Years passed, and over time, I took a DNA test myself and managed to get my dad’s sister, my half-brother, my children, and my German-born sister-in-law to test as well. I uploaded our data to a few different websites, including MyHeritage, in hopes of casting a wider net.

After checking all of my DNA uploads weekly, finally — in September 2018 — I received a message from MyHeritage informing me of new DNA matches… and there he was, my brick-wall-breaker! 371.1 cMs! My Barlow first cousin! My dad’s nephew! His father had passed away earlier, so I guess that led him to decide to take a DNA test, and he chose MyHeritage. It was officially confirmed: the oil pumper was my paternal grandfather!

My brick-wall breaker was as excited as I was that I found him. The family had no idea that my dad existed, but once he found out, he and his brother drove from Oklahoma to California to meet me.

Jeff and Wayne Barlow (my Brick Wall Buster) and myself, Robyn Trickel Dowd, 2020

Jeff and Wayne Barlow (my Brick Wall Buster) and myself, Robyn Trickel Dowd, 2020

Meeting Jill Binder, another Barlow cousin, in Oklahoma

Meeting Jill Binder, another Barlow cousin, in Oklahoma

今年夏天,我们在俄克拉荷马州的奥瓦索举行了一次小型聚会。我们的堂兄韦恩·巴洛在我父亲出生的帕胡斯卡遇见了我们。韦恩想让我们从他的角度来看待巴洛家族的遗产。他带我们去了一座桥,这座桥是我们的曾祖父约翰·韦斯利·巴洛(John Wesley Barlow,简称JW)建造的。JW在堪萨斯州的卡尼拥有一家制造马车的铁匠铺,但当油田向他招手时,他又搬到了俄克拉荷马州。他在Pawhuska社区很有影响力:他的照片挂在Pawhuska法院。我们去的时候,博物馆已经关门了,但当地的博物馆有几块匾额,上面有他的作品。1918年,57岁的JW在油田工作时被拔管机的井架击中头部身亡。

Robyn’s great-grandfather, JW Barlow

Robyn’s great-grandfather, JW Barlow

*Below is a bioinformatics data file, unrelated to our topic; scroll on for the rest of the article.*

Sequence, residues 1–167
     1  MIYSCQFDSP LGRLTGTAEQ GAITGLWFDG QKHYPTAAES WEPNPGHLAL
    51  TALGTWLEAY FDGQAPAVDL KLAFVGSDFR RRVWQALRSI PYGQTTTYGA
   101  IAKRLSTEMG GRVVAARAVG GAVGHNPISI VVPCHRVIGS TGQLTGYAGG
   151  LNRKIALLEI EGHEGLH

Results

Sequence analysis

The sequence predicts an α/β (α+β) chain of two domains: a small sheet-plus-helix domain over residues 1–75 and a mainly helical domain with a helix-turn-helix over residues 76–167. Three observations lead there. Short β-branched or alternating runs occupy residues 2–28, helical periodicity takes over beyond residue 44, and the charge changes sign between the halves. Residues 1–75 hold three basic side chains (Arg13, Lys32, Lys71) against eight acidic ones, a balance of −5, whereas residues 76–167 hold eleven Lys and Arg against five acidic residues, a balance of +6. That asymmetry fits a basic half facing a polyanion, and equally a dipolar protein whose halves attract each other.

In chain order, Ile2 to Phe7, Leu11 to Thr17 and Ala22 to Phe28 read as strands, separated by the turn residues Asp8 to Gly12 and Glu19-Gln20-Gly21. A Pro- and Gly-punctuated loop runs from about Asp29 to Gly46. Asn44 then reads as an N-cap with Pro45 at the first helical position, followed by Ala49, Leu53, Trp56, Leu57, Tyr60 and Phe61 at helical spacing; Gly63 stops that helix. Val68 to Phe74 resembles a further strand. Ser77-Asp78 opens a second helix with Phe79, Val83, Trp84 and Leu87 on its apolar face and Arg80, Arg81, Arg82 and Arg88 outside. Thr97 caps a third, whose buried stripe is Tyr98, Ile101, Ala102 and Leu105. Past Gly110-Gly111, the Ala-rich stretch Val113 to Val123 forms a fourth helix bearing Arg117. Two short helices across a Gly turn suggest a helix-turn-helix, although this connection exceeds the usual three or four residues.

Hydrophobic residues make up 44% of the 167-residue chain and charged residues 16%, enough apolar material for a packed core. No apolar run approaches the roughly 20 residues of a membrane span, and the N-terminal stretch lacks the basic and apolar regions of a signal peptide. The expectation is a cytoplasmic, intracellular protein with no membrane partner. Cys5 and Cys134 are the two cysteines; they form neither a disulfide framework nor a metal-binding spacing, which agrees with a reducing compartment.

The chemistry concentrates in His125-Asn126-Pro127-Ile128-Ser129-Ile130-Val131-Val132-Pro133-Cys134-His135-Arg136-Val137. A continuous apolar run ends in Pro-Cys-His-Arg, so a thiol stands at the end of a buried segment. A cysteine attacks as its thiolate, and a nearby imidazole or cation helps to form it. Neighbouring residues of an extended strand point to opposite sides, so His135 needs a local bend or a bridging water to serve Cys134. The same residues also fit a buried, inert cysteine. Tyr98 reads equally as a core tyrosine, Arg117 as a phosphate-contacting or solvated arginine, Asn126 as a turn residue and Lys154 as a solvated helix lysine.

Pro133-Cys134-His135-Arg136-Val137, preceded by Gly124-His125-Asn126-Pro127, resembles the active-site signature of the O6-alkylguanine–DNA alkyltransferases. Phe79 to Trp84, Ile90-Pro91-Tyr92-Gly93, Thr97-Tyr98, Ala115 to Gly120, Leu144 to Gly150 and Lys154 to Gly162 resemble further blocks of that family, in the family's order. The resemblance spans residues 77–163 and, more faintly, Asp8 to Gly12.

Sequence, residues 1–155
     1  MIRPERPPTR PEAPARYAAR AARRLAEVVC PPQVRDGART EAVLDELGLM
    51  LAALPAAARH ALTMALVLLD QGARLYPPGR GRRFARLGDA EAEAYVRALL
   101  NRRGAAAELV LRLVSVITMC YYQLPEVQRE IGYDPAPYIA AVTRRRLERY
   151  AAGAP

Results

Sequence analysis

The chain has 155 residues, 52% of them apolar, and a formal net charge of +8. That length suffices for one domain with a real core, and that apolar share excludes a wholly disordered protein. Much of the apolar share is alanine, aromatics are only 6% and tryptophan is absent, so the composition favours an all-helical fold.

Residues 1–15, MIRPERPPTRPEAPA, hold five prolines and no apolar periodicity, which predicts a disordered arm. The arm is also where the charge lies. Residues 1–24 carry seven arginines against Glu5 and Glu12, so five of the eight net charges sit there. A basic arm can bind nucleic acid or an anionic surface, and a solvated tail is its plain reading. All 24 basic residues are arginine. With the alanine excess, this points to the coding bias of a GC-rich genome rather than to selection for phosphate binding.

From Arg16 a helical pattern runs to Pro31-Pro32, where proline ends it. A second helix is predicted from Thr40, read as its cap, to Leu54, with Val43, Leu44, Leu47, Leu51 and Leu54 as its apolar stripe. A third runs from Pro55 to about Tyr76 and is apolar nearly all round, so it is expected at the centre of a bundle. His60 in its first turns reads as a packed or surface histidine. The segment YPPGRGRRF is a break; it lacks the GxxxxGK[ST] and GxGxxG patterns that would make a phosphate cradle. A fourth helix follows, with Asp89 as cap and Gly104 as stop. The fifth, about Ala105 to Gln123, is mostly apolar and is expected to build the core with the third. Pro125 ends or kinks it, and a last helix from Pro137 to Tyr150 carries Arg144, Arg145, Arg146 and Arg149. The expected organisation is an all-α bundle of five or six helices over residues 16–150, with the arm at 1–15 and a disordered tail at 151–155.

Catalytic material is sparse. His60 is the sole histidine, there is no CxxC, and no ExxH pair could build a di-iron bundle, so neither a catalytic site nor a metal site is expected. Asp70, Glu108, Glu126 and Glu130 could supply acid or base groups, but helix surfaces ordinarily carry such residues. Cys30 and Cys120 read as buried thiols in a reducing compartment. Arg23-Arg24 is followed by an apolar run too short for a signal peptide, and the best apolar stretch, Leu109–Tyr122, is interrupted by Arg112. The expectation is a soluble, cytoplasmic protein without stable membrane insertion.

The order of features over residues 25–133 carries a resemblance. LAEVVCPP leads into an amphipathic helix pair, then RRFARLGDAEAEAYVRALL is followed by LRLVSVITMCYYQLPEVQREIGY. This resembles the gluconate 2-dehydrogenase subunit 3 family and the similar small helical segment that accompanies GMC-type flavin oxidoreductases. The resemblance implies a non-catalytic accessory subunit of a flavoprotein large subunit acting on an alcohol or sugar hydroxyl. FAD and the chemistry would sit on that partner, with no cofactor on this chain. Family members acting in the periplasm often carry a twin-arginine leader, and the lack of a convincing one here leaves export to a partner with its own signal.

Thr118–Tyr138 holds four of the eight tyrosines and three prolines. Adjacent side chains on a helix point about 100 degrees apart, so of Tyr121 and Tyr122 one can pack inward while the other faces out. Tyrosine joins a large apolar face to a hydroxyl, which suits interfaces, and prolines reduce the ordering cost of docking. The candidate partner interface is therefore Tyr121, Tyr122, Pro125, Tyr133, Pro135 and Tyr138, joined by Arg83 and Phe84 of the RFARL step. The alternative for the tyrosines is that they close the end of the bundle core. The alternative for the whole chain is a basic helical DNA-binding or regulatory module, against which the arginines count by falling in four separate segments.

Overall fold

Our mini-reunion in Oklahoma was with 3 Barlow descendants that we had met since 2019, Wayne and Jeff Barlow and Jill Binder. Unfortunately, my half-uncle that I had so wanted to meet was sick and unable to come. It was a disappointment of the trip. I had wanted to see if he and my dad shared mannerisms, voices, or interests.

The next day, Wayne, Jeff, and their significant others, caravaned us to our great-great-grandfather’s grave in Anderson, Missouri. I would never have found it without their help. So though the reunion didn’t include my half-uncle, I got to “meet” my great-great-grandfather, Alfred Barlow.


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  • SA

    Sharla Anderson

    September 30, 2021

    That was an awesome story, thank you for sharing!

  • C


    October 2, 2021

    Wow! I am in the same situation. I have found out through DNA that my grandfather is not who I thought it was. My Dad is still alive and has no suspicions. It would break his heart to know. His mum and dad stayed together and I’ll never know if they even knew. Of course Granny must have wondered but as far as I know kept her secret.
    I enjoyed reading your story very much. I hope one day my story reaches such a happy conclusion.

  • JH

    Janeene Hobbs

    October 2, 2021

    So wonderful great results.
    Im new to this trying to find my birth father so this is inspiring

  • CD

    Connie Davis

    October 3, 2021

    That was a sweet story! Thank you for sharing.